Inhibition of bacterial disulfide bond formation by the anticoagulant warfarin
Dutton, Rachel J.
Rubin, Eric J.
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CitationDutton, R. J., A. Wayman, J.-R. Wei, E. J. Rubin, J. Beckwith, and D. Boyd. 2009. “Inhibition of Bacterial Disulfide Bond Formation by the Anticoagulant Warfarin.” Proceedings of the National Academy of Sciences 107 (1): 297–301. https://doi.org/10.1073/pnas.0912952107.
AbstractBlood coagulation in humans requires the activity of vitamin K epoxide reductase (VKOR), the target of the anticoagulant warfarin (Coumadin). Bacterial homologs of VKOR were recently found to participate in a pathway leading to disulfide bond formation in secreted proteins of many bacteria. Here we show that the VKOR homolog from the bacterium Mycobacterium tuberculosis, the causative agent of human tuberculosis, is inhibited by warfarin and that warfarin-resistant mutations of mycobacterial VKOR appear in similar locations to mutations found in human patients who require higher doses of warfarin. Deletion of VKOR results in a severe growth defect in mycobacteria, and the growth of M. tuberculosis is inhibited by warfarin. The bacterial VKOR homolog may represent a target for antibiotics and a model for genetic studies of human VKOR. We present a simple assay in Escherichia coli, based on a disulfide-sensitive beta-galactosidase, which can be used to screen for stronger inhibitors of the M. tuberculosis VKOR homolog.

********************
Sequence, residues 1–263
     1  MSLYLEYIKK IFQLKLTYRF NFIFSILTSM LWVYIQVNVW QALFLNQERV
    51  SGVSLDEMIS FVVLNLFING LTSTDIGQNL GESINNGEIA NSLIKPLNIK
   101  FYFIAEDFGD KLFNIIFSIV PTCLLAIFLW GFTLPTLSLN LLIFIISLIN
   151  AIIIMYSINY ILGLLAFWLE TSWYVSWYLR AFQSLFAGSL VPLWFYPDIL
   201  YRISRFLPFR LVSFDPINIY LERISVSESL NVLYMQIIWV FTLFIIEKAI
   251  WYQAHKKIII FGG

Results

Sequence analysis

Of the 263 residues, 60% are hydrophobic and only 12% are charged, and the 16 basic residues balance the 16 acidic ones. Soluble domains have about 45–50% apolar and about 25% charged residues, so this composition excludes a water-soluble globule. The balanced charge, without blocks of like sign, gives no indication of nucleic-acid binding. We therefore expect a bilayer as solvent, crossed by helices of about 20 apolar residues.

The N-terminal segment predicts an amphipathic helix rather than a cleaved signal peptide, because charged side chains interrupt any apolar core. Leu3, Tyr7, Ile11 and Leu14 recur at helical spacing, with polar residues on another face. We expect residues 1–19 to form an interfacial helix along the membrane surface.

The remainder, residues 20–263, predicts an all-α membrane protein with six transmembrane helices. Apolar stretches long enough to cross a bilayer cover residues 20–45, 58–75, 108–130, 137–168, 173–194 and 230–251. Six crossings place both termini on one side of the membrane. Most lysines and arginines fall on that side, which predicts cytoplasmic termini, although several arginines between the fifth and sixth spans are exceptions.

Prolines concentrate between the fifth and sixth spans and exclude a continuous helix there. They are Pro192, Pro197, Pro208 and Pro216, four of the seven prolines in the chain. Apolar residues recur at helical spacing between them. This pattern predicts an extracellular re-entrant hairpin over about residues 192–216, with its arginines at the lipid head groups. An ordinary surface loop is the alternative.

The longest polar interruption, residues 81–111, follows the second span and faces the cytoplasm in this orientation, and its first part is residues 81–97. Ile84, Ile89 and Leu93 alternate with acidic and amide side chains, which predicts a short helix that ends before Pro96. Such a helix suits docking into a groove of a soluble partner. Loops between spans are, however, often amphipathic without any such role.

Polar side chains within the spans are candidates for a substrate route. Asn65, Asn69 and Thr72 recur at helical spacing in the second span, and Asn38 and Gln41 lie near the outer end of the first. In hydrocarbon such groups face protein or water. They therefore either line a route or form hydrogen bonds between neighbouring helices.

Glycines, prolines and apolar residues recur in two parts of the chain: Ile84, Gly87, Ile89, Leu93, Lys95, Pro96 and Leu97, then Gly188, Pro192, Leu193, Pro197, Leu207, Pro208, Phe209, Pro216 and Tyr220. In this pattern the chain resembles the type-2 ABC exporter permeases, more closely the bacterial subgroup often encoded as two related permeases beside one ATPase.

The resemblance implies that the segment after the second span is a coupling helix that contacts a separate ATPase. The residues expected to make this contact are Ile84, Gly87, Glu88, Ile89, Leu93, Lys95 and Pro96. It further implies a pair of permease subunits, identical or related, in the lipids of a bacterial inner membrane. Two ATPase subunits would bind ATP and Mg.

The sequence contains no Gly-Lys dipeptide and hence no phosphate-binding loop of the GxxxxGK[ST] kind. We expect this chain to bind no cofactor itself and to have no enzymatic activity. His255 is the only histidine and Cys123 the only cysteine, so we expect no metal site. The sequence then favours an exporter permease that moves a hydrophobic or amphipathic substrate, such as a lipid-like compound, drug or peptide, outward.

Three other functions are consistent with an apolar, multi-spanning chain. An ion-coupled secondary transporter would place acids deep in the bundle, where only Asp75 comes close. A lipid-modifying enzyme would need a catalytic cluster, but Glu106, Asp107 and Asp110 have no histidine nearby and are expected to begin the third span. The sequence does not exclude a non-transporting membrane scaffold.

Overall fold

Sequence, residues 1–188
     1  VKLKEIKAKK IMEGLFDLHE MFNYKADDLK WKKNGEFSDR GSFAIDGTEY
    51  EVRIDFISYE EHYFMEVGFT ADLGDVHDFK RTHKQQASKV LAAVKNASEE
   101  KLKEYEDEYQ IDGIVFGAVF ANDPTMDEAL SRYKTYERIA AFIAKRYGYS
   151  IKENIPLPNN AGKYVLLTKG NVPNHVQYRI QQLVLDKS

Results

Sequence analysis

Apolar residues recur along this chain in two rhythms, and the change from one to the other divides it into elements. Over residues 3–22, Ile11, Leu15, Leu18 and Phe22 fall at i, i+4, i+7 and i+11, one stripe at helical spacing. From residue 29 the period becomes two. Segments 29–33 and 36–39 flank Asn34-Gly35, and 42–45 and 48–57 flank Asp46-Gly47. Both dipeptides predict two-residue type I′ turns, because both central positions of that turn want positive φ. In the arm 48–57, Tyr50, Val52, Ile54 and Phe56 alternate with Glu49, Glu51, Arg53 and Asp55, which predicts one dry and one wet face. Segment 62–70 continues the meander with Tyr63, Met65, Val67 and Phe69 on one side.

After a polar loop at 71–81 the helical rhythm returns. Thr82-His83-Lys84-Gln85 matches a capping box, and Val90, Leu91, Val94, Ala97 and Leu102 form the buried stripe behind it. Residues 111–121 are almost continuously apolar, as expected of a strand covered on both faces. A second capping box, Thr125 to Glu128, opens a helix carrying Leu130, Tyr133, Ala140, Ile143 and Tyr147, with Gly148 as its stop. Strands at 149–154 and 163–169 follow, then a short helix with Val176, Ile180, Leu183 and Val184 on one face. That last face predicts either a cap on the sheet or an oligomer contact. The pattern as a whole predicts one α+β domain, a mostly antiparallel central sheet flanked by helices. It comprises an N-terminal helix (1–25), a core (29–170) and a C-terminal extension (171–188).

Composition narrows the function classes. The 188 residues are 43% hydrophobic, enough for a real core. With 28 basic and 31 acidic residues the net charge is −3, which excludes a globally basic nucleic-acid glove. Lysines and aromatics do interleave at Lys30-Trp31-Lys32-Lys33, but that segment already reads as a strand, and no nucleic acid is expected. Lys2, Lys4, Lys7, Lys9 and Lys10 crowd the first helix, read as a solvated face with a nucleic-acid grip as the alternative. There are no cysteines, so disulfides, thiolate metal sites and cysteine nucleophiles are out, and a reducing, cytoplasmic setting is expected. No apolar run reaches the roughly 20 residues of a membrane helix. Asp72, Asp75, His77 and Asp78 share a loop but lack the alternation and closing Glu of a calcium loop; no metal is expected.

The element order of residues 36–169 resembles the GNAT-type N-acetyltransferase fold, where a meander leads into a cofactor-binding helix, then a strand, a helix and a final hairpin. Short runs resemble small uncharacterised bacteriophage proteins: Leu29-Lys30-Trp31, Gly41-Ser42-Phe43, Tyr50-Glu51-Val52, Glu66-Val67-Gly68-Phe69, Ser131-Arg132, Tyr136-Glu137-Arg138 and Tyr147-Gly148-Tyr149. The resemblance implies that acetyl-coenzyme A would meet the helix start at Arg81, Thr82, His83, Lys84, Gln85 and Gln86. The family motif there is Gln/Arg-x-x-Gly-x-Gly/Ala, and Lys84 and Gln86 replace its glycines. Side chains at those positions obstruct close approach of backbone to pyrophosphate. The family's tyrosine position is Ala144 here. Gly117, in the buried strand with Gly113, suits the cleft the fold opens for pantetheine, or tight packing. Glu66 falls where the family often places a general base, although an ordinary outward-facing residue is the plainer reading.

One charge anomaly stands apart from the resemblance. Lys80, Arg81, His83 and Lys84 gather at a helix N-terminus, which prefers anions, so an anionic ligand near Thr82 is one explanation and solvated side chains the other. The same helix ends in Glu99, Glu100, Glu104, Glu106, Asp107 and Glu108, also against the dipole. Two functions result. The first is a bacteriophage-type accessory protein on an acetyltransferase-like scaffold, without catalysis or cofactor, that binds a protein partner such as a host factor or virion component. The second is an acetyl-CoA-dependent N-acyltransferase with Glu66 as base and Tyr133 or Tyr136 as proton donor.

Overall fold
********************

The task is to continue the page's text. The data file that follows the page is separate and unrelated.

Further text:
Citable link to this pagehttp://nrs.harvard.edu/urn-3:HUL.InstRepos:41552051
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